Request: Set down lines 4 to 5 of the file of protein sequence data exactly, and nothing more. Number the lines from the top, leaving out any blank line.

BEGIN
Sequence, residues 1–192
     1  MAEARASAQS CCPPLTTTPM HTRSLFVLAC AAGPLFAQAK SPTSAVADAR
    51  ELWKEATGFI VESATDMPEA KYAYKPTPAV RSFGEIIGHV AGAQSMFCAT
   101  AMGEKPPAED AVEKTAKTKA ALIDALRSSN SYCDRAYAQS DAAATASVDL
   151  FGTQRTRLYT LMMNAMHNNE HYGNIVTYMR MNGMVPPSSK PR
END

   101  AMGEKPPAED AVEKTAKTKA ALIDALRSSN SYCDRAYAQS DAAATASVDL
   151  FGTQRTRLYT LMMNAMHNNE HYGNIVTYMR MNGMVPPSSK PR